The outsole is where the shoe makes contact with the court. This is where a player’s traction and durability comes from. Certain outsoles are made for different court-types and have their own features for that specific court. Towards the end of this article, we will get into the shoe types for the three different courts. An outsole can come in two different pieces. The piece that separates the two is called the shank.
The shank keeps you as stable as possible while you’re moving. It is the pivoting point of the entire shoe and works to keep you supported while giving the shoe structure.
The toe box is the area where your toes fit. The toe guard is an added piece of material that keeps the tennis player protected against toe dragging. If you are a toe-dragger, you need to make sure that you have a spacious toe box and a sturdier built upper part of the shoe.
Where You Play Determines What You Should Wear
As you read earlier, the court type will affect the tennis shoe you choose. The outsole differs in each type of shoe, thus making it easier to play on grass, clay, or hard court.
Hardcourt – Shoes made specifically for hard courts will have a variety of patterns on the bottom of the shoe. Textures such as a small amount of herringbone can be found to give traction to the player. Hardcourt shoes are also made to be extremely durable because of how destructive this court can be on them. You can also find more cushioning since hard courts are very rigorous on your joints. The hard court shoes can commonly be used on all three types of courts.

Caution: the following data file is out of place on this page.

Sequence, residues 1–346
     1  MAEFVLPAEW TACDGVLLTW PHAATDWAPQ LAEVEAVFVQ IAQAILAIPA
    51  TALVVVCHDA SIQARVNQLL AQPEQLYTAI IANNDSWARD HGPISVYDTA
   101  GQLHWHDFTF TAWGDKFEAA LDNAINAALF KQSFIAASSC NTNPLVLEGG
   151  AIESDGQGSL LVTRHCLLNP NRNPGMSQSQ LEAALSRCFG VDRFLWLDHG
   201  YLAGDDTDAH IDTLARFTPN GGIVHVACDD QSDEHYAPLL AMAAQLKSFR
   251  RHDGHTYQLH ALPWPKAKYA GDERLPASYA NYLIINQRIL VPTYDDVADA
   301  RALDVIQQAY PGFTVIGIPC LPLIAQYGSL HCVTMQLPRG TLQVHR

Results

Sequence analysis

Clay court – Shoes made for clay courts usually have patterns going across the outsole to help grip into the clay, but not take the clay into the sole. The whole outsole is generally all herringbone patterns. There can also be more lateral support because of all the sliding that clay court players face.
Grass court – Grass court shoes are a very specialized shoe. The bottom will have small rubbery nubs or cleats in order to provide traction. Grass courts can tend to be very slippery and wet, which makes it hard for tennis players who play on this type. This type of shoe can typically only be used on grass courts and not on the other two types.
How You Play Determines What You Should Wear
The type of tennis shoes that you come to choose should also be based on your specific playing style. Whether you are a baseliner or a serve and volley player, there is a tennis shoe right for you.
Baseline Player – A baseline player performs a wide range of side to side movements, causing more wear. If you are this type of player, you should invest in shoes with an added cushion that provides extra lateral support and a long-lasting sole.
Serve and Volley Player – A serve and volley player approaches the net often and requires shoes that have a reinforced toe guard and sole. Additional arch support helps greatly since these players are likely on their toes a lot of the match.
Ready To Buy?
If you’re ready to find the right tennis shoe for you, we’re happy to help. We’re not here to sell you our product or make money off of your well-being.
So, you’re not going to see an affiliate link here or a recommendation for a shoe from a sponsor. Instead, we will provide a link to an article that we believe provides you with great information on which shoe is right for you.
Using the information provided in the article you just read, you will be able to figure out which tennis shoes is right for you.